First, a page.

Having been a mom of two kids under two, it’s my nonprofessional and totally exhausted assessment that toddlers have the intelligence of a bowl of spaghetti. With a long way to go on their brain development journey, their reasoning sits somewhere between “I think the photo of the baby on the diaper pack is real and it’s my best friend,” and “I don’t understand why there aren’t any unicorns at the zoo.” Which can lead to a lot of weird, sometimes gross, usually adorable, and oftentimes overly emotional stages. Stages that no one prepared me for, and sometimes make me question my ability as a parent. Like:
No matter how many times you teach a toddler something — from wiping, to putting their shoes on the correct feet, to not running around the house or into walls — they will do it poorly every single day for what feels like the rest of your life. Luckily, it’s pretty cute and hilarious (secretly in our heads and not out loud in their face of course). Except when they accidentally fall in the toilet and then roll around on your white sheets naked. That’s not funny at all.
The Licking Everything Stage
I get it. The sensation of the sisal rug on your tongue must be a magical, sensory carpet ride, but can we choose a low-traffic area instead of the filthy runner by the front door, or the bottom of your shoe?
Nose picking is like a toddler Olympic sport. My daughter asked me if she could sell her boogers so that people could buy them and put them in their noses, which made me realize all that booger picking is actually just teaching her how to be an entrepreneur.
The Single White Female Stage
Have you ever had someone watch you while you’re on the toilet. And by watch, I mean study? Apparently, when you become a parent, you also become a living anatomy class for your toddler to learn all about the human body. There’s nothing like a 2ft tall person bending over to see inside all of your crevices. I feel like I’m living with a tiny prison guard checking for smuggled drugs every time I get undressed.
The I Put Everything on My Head Stage
Oh wow, look who has a basket/diaper/lampshade/pair of underwear on their head…again. Let me pretend to laugh for you for the zillionth time. Let’s be honest, moms who feign amusement are the true heroes in their kids’ lives.
The I Don’t Want Anything to Do With You Stage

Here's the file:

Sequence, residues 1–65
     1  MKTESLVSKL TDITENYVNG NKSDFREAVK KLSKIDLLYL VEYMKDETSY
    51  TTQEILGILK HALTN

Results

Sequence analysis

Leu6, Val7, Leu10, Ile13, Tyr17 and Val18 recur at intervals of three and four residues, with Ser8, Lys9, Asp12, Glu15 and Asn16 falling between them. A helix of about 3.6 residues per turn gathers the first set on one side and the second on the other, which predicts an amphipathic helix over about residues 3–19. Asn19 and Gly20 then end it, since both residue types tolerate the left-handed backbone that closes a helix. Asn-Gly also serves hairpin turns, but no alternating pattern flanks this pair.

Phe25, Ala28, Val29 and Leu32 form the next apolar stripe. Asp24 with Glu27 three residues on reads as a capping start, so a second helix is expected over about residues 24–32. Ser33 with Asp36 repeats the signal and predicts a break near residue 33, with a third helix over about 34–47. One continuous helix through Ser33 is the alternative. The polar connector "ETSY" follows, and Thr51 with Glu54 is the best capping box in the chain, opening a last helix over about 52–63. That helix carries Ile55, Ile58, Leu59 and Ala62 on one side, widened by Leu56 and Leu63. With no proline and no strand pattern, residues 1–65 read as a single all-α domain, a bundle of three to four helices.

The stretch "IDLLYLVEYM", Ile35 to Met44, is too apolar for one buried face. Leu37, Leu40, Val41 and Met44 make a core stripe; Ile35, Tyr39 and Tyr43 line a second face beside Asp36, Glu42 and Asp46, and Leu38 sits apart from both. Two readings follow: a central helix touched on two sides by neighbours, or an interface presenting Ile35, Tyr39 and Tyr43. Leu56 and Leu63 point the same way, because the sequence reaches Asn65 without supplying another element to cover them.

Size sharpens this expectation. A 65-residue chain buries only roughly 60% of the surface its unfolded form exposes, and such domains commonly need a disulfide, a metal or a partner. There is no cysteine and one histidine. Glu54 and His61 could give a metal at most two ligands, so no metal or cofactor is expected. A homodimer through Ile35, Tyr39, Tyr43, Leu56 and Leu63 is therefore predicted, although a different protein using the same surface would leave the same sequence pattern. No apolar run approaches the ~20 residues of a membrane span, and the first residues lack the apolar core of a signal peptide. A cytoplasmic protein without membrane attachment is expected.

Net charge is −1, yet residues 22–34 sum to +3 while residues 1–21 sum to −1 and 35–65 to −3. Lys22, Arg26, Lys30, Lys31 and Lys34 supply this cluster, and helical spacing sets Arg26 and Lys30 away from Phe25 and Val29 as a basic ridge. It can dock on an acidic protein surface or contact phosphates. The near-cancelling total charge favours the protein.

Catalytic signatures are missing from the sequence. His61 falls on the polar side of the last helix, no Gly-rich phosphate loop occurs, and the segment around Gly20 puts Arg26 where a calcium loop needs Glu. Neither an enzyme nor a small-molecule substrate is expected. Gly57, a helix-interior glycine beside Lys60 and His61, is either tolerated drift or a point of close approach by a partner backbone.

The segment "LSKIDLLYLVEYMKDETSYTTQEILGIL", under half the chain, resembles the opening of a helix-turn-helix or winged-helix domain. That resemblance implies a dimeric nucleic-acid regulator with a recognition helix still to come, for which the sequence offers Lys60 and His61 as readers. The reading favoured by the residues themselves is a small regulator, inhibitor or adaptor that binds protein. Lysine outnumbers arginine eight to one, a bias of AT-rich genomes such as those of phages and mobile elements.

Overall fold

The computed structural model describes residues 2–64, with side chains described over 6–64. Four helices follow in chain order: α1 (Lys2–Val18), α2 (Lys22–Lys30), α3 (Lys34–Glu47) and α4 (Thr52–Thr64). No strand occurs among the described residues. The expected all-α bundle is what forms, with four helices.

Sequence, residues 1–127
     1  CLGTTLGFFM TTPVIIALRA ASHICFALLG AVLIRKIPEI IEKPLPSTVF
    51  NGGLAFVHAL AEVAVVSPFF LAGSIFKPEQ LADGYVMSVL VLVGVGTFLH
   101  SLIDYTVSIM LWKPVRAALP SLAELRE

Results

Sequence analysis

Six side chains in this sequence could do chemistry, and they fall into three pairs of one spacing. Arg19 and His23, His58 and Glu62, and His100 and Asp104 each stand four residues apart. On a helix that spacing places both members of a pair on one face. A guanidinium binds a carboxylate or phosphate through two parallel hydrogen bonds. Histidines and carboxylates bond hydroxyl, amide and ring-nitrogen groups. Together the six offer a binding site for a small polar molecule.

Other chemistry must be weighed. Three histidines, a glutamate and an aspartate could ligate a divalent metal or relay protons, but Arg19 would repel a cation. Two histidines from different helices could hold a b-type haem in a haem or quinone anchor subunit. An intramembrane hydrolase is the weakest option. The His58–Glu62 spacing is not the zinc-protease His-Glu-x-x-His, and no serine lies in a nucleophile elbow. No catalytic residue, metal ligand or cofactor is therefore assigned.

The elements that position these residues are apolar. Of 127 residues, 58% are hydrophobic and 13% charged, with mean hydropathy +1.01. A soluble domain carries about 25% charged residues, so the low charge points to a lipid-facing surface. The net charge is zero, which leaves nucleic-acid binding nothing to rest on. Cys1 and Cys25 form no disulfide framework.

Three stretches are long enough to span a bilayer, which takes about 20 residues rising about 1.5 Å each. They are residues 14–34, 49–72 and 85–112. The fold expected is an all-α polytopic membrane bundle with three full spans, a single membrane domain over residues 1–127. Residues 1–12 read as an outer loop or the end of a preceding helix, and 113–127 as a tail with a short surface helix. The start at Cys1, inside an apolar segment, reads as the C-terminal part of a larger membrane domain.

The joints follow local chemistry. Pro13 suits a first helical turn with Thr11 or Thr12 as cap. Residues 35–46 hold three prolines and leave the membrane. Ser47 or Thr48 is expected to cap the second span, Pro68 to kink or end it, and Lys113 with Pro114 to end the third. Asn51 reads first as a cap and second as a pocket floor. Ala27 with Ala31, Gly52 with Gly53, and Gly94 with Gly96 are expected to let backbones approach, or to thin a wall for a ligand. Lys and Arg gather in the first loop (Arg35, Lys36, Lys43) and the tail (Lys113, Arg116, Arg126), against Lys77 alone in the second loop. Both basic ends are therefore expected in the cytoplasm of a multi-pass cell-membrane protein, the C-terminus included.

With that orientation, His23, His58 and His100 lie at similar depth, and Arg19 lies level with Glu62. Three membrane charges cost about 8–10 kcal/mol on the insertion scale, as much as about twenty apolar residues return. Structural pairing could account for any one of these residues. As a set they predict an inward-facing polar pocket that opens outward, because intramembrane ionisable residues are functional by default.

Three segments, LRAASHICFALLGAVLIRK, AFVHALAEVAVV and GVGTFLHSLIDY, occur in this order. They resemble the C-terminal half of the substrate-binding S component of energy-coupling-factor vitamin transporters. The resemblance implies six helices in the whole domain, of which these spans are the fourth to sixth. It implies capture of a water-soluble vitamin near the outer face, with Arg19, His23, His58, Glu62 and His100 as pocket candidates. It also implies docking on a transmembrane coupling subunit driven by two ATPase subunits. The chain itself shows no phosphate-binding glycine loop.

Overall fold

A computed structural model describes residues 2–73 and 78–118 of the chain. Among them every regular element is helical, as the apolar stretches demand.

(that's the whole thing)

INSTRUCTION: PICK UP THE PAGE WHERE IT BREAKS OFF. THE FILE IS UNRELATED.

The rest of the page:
This one hurts on a deep cellular level since you sacrificed so much for these tiny tyrants. I told my daughter it made me sad she didn’t want to hold my hand, and she told me I could touch her sandals. Which I guess is her practicing setting healthy boundaries and growing her independence so she can become a strong woman one day. So I placed my finger on her sandal, bit my tongue, and quietly fantasized about how she’s going to take care of me when I’m old with all the money from her booger venture.
... followed by the Everything I Eat Ends Up All Over My Entire Body and On The Floor For No Good Reason Whatsoever Stage. Which usually leads me to enter the Mom’s Drinking Wine Straight Out of the Bottle So Let’s Leave Her Alone Stage.
The I Love to Help Clean but I’m Making It So Much Worse Stage
I know, I know. If I don’t let them make mistakes, they’ll never learn or want to help when they get older. But PLEASE. MOVE.
The Loud and Honest Talking in Public Stage
Having my child ask in a screaming volume whether or not I think the woman next to us has a scary face, is enough to make me pass out with anxiety. But what’s worse is when my toddler yell-asks a question I don’t know the answer to now that everyone in the entire grocery store is listening like, “Why do dogs have tails?” I feel like I’ve been called on by the teacher after not studying all over again. And I usually reply with, “That’s a really good question, why do you think?” as I shuffle her out the door.
Which brings me to my final and favorite...
The I’m the Cutest Freaking Thing in the World When I’m Asleep Stage
It sounds terrible that we love our kids the most when they are lying dormant. It’s not that we love them any less when they’re powered on — it’s just that when it’s finally quiet and we’re no longer distracted with frustration, exhaustion, chores and stress, we’re able to fully feel the love we have for these absolutely insane freaks of nature. Staring at their sleeping angelic faces (or looking at adorable pictures of them on our phones) while they're asleep is our daily moment to remind us why it’s all worth it. So let your toddler’s freak flag fly while their brain develops with wild abandon during the day, and recharge your battery and soul when they’re quietly tucked away in their bed at night, so you can be ready to do it all again tomorrow.
Martini Paratore is a comedian turned mom/weeper/oversharer. She wishes she were a mom in the 80s, because that sounds easier. You can follow her on Instagram @MartiniADay
PHOTO CREDITS: Getty Images. Additional photos provided by Martini Paratore.